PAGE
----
Copyright Law and Ownership of Software

I have a new podcast over at Tech{dot}MN. I interviewed Ray Bonnabeau of Hellmuth & Johnson about what software companies need to think about to make sure they truly own the software code the are using and creating. Ray is a really smart guy and the topic is something that is overlooked so frequently by new companies. Copyright law assumes ownership by the author, so the code you hired an independent contractor to create may not be yours.

Have a listen to “Copyright and Ownership of Software: Where Did We Get This Code Anyway?”


New Podcast on TechdotMN

I had the pleasure of talking to Harold Slawik of New Counsel about choice of entity, funding and securities law issues for startups. Check out the article and podcast at TechdotMN.


TECH{dot}MN Podcast with Justin Porter

Jeff Pesek and I recently interviewed Justin Porter who works with the University of Minnesota Office of Technology Commercialization. The OTC harnesses some great innovation that comes out of the University and helps bring it to market by either licensing it, or finding the right people to help start a new company to develop it.

Check out the podcast here at TECH{dot}MN

Check out the University of MN OTC here.


Don’t Confuse Your Attorney With A Paper Dispenser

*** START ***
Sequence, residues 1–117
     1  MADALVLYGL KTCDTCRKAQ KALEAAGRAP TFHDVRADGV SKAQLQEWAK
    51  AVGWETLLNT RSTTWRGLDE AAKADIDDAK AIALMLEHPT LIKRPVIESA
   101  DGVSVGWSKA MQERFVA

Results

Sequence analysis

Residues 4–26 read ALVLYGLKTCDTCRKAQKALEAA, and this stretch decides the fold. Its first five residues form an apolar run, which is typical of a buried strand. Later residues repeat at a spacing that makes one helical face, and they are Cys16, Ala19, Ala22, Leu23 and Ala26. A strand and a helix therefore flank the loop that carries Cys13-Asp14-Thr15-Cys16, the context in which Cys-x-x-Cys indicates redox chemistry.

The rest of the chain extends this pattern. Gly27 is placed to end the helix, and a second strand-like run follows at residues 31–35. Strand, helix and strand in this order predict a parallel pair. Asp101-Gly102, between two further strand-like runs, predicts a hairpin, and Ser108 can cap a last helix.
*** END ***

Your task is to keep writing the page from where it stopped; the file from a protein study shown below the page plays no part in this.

There are a number of sources of free legal documents and free or cheap legal document generators online. This is overall good news and should not in any way be a real threat to attorneys. But people often confuse a document for a solution to a legal problem. In order for the document to be useful, it has to say what you want it to say. You have to know what it is you want to accomplish with this document. Knowing when a document works requires a skill that a document generator cannot provide.

Software programmers would not insert any old code to try to accomplish a specific task. It takes a fair amount of skill to determine if source code can be reused from one program in another without causing problems. Blindly copying legal documents is not any different. If the document doesn’t do exactly what you want it to do, you might be in a worse situation. But like programmers, attorneys do reuse “code” and free and readily available documents help to do that. The “code” is on legal documents is English (sometimes barely recognizable). But the danger for the do-it-yourselfer is not knowing or not caring what the legal code on that document means.

For example, Legalzoom offers incorporation and trademark registration services. But Legalzoom doesn’t offer any advice on what kind of application to file, whether its necessary to file, how to get value from that piece of paper or how to make sure your newly formed company actually complies with state law. They basically guide you through the form and check spelling, which at any price is pretty expensive. A better value would be to buy a book by Nolo Press (which are for the most part really good) and gain enough understanding to do it yourself; or save up your money and hire an attorney. For both corporations and trademarks, obtaining the piece of paper is only a small fraction of the work. If you ignore the rest (compliance, usage etc.), the paper is worthless. Paper is cheap. Know-how costs extra.